Carson Yates connected with Anthony Gonzales for a 12-yard touchdown pass, and a Justin Kuhns point-after-touchdown kick made the score 14-0 with 10 minutes, 59 seconds left in the first half.

Then Cannon Yates reached the end zone on an interception return. Carson Yates and Gonzales teamed up again for another touchdown, on a 59-yard pass from Yates to Gonzales.

The Chargers then achieved their second interception return for a touchdown, this one from Mitch Whitlock. A PAT kick from Kuhns, who was 6 for 6 in PAT kicks for the game, made the score 35-0. Bobby Jabbari scored the final Chargers touchdown of the game on an 8-yard run.

Carson Yates completed nine of his 14 pass attempts for 157 yards, two touchdowns and no interceptions. Gonzales had six catches for 110 yards and the two touchdowns.

Defensively, Garrett Swanson led Leland with eight total tackles, including six solo. He also had a sack, as did teammates Logan Thomas and Parker Petersen.

Correspondent Dave Mendonca contributed to this report.

More inexpensive ebook goodies!

Oct. 24th, 2017 01:04 am
[syndicated profile] pats_hotlist_feed

You can now download Katherine Arden's The Bear and the Nightingale for only 1.99$ here.

Here's the blurb:

At the edge of the Russian wilderness, winter lasts most of the year and the snowdrifts grow taller than houses. But Vasilisa doesn’t mind—she spends the winter nights huddled around the embers of a fire with her beloved siblings, listening to her nurse’s fairy tales. Above all, she loves the chilling story of Frost, the blue-eyed winter demon, who appears in the frigid night to claim unwary souls. Wise Russians fear him, her nurse says, and honor the spirits of house and yard and forest that protect their homes from evil.

After Vasilisa’s mother dies, her father goes to Moscow and brings home a new wife. Fiercely devout, city-bred, Vasilisa’s new stepmother forbids her family from honoring the household spirits. The family acquiesces, but Vasilisa is frightened, sensing that more hinges upon their rituals than anyone knows.

And indeed, crops begin to fail, evil creatures of the forest creep nearer, and misfortune stalks the village. All the while, Vasilisa’s stepmother grows ever harsher in her determination to groom her rebellious stepdaughter for either marriage or confinement in a convent.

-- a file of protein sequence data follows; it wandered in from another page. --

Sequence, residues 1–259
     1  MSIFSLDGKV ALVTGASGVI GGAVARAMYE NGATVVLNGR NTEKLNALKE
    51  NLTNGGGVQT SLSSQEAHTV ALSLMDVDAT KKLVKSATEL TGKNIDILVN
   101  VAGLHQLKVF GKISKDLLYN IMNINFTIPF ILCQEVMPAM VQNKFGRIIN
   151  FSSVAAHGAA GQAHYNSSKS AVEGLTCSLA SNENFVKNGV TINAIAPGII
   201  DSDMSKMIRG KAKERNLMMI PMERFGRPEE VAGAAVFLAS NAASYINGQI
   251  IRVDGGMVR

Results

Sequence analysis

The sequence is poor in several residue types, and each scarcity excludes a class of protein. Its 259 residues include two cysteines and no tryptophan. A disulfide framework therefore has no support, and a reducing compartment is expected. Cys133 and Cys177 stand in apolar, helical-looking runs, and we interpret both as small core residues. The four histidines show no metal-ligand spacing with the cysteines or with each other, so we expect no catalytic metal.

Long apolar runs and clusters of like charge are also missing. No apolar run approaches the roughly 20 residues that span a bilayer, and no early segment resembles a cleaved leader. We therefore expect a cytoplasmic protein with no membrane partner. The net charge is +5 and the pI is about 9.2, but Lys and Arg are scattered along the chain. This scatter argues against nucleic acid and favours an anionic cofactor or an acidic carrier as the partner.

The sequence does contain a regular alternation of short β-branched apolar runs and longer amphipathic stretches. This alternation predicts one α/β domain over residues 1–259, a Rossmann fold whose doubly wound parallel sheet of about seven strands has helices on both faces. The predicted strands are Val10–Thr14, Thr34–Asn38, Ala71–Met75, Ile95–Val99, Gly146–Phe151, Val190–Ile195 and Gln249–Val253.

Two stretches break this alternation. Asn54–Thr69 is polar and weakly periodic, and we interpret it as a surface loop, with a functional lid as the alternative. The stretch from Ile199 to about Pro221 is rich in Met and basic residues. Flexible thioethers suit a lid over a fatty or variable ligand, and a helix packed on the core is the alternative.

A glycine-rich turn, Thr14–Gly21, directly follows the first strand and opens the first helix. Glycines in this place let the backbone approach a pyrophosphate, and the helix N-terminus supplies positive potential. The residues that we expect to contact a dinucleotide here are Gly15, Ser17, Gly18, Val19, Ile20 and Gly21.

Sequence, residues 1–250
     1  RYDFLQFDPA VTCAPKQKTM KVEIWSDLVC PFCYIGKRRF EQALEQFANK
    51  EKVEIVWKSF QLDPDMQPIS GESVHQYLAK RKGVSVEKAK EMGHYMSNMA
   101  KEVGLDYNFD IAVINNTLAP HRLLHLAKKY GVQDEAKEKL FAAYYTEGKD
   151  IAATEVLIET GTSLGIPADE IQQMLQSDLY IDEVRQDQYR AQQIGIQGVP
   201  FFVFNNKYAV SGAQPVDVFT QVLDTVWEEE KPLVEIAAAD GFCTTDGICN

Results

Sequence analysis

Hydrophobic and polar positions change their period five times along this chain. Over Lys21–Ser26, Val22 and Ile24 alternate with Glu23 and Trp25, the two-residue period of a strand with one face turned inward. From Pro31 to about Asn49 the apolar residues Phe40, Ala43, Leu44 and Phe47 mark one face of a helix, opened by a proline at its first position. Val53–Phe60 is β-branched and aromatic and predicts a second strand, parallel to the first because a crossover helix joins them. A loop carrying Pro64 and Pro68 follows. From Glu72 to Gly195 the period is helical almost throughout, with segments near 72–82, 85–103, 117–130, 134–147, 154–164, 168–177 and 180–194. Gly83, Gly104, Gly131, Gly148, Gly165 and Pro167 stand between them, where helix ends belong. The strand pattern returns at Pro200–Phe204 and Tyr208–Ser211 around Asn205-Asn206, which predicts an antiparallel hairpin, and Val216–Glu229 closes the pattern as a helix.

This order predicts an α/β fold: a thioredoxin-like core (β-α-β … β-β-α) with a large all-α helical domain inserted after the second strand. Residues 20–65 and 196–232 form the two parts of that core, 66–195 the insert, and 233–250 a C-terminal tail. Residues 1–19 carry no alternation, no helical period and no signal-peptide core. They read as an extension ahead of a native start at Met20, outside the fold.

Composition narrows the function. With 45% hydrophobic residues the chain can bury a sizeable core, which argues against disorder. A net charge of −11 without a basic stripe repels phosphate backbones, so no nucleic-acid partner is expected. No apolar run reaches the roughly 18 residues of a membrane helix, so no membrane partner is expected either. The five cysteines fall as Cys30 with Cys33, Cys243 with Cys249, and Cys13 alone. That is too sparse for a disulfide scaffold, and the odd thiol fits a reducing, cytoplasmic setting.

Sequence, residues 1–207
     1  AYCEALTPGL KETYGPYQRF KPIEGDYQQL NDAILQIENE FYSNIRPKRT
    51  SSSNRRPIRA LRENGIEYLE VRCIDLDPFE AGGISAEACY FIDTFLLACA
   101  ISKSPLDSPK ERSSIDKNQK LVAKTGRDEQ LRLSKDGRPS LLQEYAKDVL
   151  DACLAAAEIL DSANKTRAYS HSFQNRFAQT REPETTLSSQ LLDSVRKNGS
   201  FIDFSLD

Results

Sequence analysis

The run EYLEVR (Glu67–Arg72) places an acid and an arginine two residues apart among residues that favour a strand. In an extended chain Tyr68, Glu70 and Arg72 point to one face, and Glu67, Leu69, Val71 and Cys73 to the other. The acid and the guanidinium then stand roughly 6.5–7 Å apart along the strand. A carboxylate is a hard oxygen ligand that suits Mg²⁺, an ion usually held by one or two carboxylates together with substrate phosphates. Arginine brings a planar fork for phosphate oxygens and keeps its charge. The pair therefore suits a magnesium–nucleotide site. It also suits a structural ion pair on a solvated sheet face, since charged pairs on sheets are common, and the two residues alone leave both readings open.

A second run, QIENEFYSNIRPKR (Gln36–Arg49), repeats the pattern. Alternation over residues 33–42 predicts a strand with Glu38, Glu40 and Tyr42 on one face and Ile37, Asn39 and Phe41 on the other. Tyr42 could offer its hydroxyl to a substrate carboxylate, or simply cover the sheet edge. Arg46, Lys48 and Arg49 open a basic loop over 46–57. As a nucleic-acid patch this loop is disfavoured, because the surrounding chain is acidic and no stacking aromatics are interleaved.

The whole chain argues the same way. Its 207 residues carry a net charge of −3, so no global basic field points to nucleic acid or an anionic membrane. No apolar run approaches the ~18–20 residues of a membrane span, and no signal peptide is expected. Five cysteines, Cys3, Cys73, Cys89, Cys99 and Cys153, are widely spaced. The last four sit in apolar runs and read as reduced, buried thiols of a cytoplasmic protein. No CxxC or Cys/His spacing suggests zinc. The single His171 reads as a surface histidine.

As danger circles, Vasilisa must defy even the people she loves and call on dangerous gifts she has long concealed—this, in order to protect her family from a threat that seems to have stepped from her nurse’s most frightening tales.


Evil is a Matter of Perspective: An Anthology of Antagonists, edited by Adrian Collins, the man who runs Grimdark Magazine, is now available for 0.99$ here. There is a price match in Canada.

It features stories by Michael R. Fletcher, Teresa Frohock, Alex Marshall, Mark Alder, Adrian Tchaikovsky, Janny Wurts, Jeff Salyards, Shawn Speakman, Marc Turner, Kaaron Warren, Courtney Schafer, Bradley P. Beaulieu, E. V. Morrigan, Matthew Ward, Deborah A. Wolf, Brian Staveley, Mazarkis Williams, Peter Orullian, and R. Scott Bakker.

Here's the blurb:

Experience your favourite fantasy worlds through some of the most fearsome, devious, and brutal antagonists in fantasy.

Villains take centre stage in nineteen dark and magical stories that will have you cheering for all the wrong heroes as they perform savage deeds towards wicked ends. And why not? They are the champions of their own stories—evil is a matter of perspective.

[syndicated profile] apartmenttherapyla_feed

Name: Lake Sharp, husband Alex, and two-year-old Nevada
Location: Highland Park — Los Angeles, California
Size: 1,406 square feet
Years lived in: 4 years, owned


Lake Sharp is a skilled maker whose hand-thrown pottery, micro-batch textile goods, and exterior and interior design services comprise her business Array. In addition to being a kick-ass artist, she recently co-founded the "friendly, radically inclusive neighborhood gym and wellness center" EVERYBODY.

READ MORE »

[syndicated profile] eff_feed

Posted by davidruiz

Newly-minted FBI Director Christopher Wray threw out several justifications for the continued, warrantless government search of American communications. He’s wrong on all accounts.